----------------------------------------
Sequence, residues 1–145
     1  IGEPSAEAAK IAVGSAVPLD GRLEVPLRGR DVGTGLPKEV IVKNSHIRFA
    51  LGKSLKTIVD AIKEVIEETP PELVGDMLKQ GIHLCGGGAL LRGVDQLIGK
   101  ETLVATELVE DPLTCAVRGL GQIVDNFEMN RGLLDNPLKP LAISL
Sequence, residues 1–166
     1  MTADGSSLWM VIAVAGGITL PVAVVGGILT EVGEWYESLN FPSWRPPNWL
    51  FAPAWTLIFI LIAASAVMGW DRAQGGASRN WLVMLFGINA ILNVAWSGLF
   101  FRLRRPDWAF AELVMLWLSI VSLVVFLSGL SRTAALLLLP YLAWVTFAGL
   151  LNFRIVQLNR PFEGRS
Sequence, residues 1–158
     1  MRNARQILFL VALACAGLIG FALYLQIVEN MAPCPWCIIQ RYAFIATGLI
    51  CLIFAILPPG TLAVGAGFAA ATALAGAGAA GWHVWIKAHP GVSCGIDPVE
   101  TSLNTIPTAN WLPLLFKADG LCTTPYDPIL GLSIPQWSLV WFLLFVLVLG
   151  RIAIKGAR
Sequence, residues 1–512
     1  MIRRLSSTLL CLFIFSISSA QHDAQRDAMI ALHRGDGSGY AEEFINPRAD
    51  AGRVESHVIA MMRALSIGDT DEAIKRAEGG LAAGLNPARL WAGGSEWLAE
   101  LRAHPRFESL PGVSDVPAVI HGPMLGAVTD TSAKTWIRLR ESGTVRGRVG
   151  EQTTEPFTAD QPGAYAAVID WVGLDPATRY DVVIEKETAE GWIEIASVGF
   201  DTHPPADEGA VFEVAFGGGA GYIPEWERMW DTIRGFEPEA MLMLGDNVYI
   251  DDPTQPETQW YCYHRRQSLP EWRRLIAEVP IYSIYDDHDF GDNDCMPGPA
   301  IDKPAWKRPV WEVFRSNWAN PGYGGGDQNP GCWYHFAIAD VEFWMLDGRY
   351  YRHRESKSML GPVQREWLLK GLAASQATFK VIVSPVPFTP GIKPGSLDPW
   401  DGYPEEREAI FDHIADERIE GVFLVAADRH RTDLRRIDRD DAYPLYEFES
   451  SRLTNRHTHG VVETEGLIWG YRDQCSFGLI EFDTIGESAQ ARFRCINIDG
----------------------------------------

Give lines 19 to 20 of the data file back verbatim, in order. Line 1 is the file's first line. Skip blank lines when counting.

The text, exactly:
   151  EQTTEPFTAD QPGAYAAVID WVGLDPATRY DVVIEKETAE GWIEIASVGF
   201  DTHPPADEGA VFEVAFGGGA GYIPEWERMW DTIRGFEPEA MLMLGDNVYI